The , , and reflect The Sun and Moon are Earth’s constant companions. We bask in the Sun’s and . It provides Earth’s , and could not exist without it. We rely on the Moon to light dark . Earth’s closest neighbor, the Moon is the only other object in that have ever set foot on. Together, the Sun, Earth, and Moon are responsible for , , and the phases of the Moon. But they couldn’t be more different when it comes to and structure. How do the characteristics of Earth, the Sun, and the Moon compare to one another?

What are the physical characteristics of the Sun? The Sun is a at the center of our . This means that the Sun is more similar to other than to Earth or the Moon. The Sun seems larger and brighter than other stars because it is so close to Earth. Here are some other physical characteristics of the Sun. • : The Sun, like all stars, is a glowing of gas. Even if a spaceship could withstand the heat, it could not on the Sun because the Sun’s surface is not solid. • : Because the Sun is made up of gas, A erupts from it has a very thick atmosphere. An atmosphere is a the surface of the Sun. A layer of gases surrounding an object in space. The picture of Earth is added to majority of the gas that show the enormous size of the flare. : an attractive makes up the Sun is between all objects . The gases in with the Sun are packed tightly together, making it incredibly dense. This contributes to the Sun’s very strong gravity. • : Different parts of the Sun have different . The surface is one of the coolest of the Sun at 5,500°C (10,000°F). But that’s nothing compared to the core, or center. The average temperature at the center of the Sun is 15,000,000°C (27,000,000°F)! • Features: and solar flares are features on the Sun’s surface. Sunspots are dark areas that are cooler than the rest of the surface. The number of sunspots changes about every 11 . Solar flares are quick increases in brightness. They occur when energy builds up in the Sun and is suddenly released. Solar flares extend beyond the surface of the Sun and look like explosions. mass: the amount of • Size: The Sun has much more mass than any of the in an object other objects in the . In fact, about one million could fit inside the Sun! Its great mass gives the Sun very strong gravity. Earth and the other : a curved path objects in the Solar System follow continuous around an object, such as around the Sun because its gravity is so great. the Sun

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look out! The Sun is so hot that it glows. However, the Sun is not on fire. Fire is a that occurs on Earth when a fuel, like or oil, mixes with and a spark. The Sun contains no such fuel for fires. Instead, in the core of the Sun hydrogen come together to form particles. This reaction produces huge amounts of energy. This is what makes the Sun hot and causes it to glow. In this way, is more similar to a light bulb than to a flame. A tiny piece of inside a light bulb is heated using . It becomes so hot that it begins to glow with a bright light. The Sun’s glow works in a similar way. However, instead of electricity it uses energy from the reactions in its core.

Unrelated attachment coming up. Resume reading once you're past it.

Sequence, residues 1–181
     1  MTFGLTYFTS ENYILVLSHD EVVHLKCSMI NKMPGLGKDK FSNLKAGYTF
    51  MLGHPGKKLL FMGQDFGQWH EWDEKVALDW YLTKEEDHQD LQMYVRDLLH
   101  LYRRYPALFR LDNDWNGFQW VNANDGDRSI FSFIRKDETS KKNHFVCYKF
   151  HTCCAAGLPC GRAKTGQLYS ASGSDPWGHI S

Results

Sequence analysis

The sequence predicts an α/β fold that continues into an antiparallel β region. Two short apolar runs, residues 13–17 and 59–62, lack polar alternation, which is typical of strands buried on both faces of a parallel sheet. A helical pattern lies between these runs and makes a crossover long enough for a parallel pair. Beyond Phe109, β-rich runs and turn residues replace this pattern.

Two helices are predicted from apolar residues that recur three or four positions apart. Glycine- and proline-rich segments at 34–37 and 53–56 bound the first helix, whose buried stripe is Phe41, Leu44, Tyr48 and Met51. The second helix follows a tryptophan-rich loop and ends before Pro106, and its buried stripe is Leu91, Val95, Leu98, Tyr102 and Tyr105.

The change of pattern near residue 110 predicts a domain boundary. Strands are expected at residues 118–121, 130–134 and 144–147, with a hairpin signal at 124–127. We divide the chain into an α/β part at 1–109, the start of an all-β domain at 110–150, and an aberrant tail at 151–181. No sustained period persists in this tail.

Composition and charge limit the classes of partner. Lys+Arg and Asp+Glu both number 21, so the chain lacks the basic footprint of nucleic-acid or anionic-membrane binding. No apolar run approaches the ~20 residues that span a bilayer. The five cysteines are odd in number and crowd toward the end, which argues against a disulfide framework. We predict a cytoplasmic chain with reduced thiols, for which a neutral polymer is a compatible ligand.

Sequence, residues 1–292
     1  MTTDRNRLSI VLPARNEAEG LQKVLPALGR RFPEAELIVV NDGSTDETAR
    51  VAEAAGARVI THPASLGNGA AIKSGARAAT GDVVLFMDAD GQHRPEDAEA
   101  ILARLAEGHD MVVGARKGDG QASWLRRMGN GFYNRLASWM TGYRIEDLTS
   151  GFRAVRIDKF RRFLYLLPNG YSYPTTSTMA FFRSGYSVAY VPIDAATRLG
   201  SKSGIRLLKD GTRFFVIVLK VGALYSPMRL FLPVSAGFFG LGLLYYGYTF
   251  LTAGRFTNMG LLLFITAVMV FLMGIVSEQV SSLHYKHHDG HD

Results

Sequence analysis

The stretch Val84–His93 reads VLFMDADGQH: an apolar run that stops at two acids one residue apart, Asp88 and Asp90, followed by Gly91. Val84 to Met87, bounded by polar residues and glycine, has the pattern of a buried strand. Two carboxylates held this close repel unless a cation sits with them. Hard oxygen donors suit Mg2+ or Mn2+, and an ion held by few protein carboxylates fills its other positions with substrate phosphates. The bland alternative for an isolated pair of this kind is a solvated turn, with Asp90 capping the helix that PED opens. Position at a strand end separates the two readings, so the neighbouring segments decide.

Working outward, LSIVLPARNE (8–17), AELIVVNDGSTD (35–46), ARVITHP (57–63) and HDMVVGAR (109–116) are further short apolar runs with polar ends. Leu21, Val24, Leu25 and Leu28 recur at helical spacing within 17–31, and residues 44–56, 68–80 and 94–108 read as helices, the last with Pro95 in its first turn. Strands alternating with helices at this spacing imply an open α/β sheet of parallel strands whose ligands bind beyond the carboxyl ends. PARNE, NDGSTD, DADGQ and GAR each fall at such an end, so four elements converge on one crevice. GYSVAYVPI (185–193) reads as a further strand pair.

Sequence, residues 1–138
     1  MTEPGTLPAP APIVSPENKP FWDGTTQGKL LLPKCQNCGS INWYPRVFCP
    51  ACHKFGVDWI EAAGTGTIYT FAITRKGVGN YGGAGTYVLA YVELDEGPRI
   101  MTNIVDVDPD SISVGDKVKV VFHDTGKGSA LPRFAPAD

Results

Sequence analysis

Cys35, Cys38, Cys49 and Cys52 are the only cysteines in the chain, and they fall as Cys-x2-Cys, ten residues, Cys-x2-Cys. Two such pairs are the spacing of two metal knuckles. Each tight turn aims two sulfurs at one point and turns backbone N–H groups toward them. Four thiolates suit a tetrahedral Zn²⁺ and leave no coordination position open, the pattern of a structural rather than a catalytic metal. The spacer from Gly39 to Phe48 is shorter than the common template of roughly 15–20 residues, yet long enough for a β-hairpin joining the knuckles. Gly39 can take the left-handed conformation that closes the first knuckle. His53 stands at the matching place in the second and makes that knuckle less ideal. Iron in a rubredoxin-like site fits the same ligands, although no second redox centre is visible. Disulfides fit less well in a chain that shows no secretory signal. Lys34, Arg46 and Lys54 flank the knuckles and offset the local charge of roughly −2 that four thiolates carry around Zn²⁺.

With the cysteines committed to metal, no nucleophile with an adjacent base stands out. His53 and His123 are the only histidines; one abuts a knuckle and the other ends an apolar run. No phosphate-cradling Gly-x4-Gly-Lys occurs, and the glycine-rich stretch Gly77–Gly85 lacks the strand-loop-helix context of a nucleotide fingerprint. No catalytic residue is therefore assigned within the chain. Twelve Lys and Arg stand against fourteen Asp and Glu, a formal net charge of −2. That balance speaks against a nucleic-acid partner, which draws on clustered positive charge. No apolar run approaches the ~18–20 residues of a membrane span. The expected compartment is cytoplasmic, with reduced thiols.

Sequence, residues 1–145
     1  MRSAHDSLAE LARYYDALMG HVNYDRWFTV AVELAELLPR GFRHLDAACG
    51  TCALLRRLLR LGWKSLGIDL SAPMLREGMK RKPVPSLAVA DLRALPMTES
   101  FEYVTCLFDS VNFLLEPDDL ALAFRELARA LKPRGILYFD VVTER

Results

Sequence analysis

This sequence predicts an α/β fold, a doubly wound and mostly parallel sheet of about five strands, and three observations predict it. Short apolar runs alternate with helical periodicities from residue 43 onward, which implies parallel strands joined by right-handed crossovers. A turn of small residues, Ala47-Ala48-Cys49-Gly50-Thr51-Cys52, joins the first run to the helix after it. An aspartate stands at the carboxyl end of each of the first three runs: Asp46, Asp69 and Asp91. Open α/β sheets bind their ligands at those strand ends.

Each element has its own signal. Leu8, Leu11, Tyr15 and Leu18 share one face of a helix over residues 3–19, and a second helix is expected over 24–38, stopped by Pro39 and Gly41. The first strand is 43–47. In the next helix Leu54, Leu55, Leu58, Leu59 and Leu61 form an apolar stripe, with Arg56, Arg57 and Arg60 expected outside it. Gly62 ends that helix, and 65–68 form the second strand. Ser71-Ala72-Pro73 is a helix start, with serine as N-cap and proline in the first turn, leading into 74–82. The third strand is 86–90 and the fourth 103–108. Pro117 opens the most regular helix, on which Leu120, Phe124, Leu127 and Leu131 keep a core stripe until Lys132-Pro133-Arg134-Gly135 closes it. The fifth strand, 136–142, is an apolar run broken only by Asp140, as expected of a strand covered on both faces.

What are the physical characteristics of Earth? Our home is just one of the bodies that orbit the Sun. It shares many characteristics with other and in the Solar System. However, it is unique in one special way— there is life on Earth. Life has not yet been discovered anywhere else in the . However, scientists have hypothesized that it is possible, given the number of stars and planets out in space. Many of the physical features on Earth have made it an ideal place for life to develop. • Surface: Unlike the Sun, the surface of Earth is solid. Even below the liquid , there is . Because of this, Earth is called a rocky planet. However, the planet is not completely solid. Part of Earth’s core is a liquid mix of — Other than Earth, scientists mostly and . have not found any other places in the universe that • Atmosphere: Earth is surrounded by an have liquid and life. atmosphere of gases. We know it better as air. The atmosphere is an important reason why life exists on Earth. It holds in much of the heat from the Sun so the planet never gets too . The atmosphere also contains oxygen. Oxygen is necessary for many living things— including humans—to breathe. • Temperature: Earth is the third planet from the Sun. This is the perfect distance for life—our planet never gets extremely hot or extremely cold. Even the coldest and hottest places on Earth are not extreme compared to other planets. The average temperature on Earth is 15°C (59°F). For comparison, the average temperatures of Earth’s closest neighboring planets are 461°C (861°F) on and –63°C (–81°F) on ! • Features: Earth has many features including , : slow volcanoes, forests, and . One of Earth’s most moving of important features, however, is the presence of liquid water. and that Approximately 70% of the planet is covered in oceans, but have accumulated there is still more water held in , rivers, icebergs, and over glaciers. Even the atmosphere contains water in

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and vapor, which is the gas form of water. The presence of water on Earth makes life possible on Earth. • Size: The rocky planets in the Solar System are much smaller than the planets like and . : the Earth is the largest of the rocky planets. However, it is still distance between very, very small in comparison to the Sun. It would take two opposite points 100 Earths lined up next to each other to equal the Sun’s on a diameter.